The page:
Distribution, Competition, and Antitrust / IP Law

Competition Law in the Ancient World

Regarding my recent post on Roman competition law, a reader sent in this link about an economic study of the Athenian grain merchants in the 4th Century B.C.

From the paper’s abstract:

This paper examines one of the earliest known antitrust or competition policy cases for possible lessons concerning antitrust treatment of monopsony power in the present day. In 388 B.C., grain regulators in Athens, Greece, were attempting to respond to a sharp increase in grain prices. They encouraged grain importers to form a buyers’ cartel with the purpose of decreasing the price of imported grain. However, this action resulted in an overall increase in price and the grain merchants soon found themselves on trial for their lives. In this paper the information presented at that trial is used to evaluate the grain merchants’ actions and the impact of monopsony on prices and consumption more generally.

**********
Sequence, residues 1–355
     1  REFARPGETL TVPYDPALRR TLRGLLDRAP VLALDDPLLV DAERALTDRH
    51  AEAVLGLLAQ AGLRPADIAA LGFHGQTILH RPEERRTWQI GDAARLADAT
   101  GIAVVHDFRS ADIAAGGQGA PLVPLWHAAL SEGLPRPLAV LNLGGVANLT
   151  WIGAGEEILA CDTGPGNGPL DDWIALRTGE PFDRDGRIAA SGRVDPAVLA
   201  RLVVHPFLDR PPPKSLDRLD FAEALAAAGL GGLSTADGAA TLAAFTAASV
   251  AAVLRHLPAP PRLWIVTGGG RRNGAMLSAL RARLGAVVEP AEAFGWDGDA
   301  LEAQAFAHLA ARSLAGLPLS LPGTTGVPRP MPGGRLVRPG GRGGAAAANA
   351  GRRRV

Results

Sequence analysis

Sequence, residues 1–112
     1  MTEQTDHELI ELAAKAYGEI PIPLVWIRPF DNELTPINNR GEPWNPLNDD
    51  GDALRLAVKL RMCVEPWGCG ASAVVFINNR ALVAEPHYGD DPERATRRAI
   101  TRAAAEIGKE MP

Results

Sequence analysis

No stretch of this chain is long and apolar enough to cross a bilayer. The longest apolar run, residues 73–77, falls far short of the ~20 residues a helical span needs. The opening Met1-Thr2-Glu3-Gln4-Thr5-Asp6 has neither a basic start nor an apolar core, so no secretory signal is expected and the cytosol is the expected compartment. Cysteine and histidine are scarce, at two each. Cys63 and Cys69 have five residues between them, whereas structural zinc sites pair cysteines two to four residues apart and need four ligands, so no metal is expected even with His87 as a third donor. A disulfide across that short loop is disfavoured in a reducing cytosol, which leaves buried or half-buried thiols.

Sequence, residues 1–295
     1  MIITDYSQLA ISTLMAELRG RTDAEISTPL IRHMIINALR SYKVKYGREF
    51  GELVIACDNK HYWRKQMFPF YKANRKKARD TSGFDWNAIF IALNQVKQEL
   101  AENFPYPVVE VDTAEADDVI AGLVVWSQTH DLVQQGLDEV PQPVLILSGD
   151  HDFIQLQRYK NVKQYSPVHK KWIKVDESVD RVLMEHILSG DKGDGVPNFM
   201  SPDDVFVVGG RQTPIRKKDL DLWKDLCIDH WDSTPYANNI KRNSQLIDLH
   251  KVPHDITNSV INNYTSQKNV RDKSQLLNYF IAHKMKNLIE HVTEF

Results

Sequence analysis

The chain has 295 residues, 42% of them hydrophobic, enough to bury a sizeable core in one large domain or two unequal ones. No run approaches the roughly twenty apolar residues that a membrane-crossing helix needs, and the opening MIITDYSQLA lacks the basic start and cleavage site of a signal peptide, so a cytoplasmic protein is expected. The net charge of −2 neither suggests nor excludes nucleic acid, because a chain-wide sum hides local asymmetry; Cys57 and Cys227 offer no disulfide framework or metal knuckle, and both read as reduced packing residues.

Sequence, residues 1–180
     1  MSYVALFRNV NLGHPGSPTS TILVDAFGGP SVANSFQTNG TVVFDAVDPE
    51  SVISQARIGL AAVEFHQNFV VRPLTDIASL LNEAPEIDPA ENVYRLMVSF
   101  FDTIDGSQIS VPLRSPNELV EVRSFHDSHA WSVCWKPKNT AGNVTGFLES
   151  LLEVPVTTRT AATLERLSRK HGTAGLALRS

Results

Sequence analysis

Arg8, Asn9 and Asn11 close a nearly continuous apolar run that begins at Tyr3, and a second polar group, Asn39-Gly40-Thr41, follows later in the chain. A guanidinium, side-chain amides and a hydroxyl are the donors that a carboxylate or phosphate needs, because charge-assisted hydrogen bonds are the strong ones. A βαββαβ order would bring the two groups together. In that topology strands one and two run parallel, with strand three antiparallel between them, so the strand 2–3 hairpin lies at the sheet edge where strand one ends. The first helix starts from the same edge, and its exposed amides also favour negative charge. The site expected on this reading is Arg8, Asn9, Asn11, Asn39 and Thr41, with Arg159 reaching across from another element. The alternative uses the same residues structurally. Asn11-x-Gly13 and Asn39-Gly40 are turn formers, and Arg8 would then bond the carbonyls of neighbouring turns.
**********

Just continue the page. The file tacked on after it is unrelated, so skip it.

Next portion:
Reader, I’m happy to give credit to you by name for this interesting link — just let me know.

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About Howard Ullman

Antitrust, competition, and IP law enthusiast.

Comments

  1. Howard Ullman says:

    Hat tip for the link goes to Dimitris Temperis from Athens, Greece. Thanks.

  2. Thanks. I wonder if I could get this paper?

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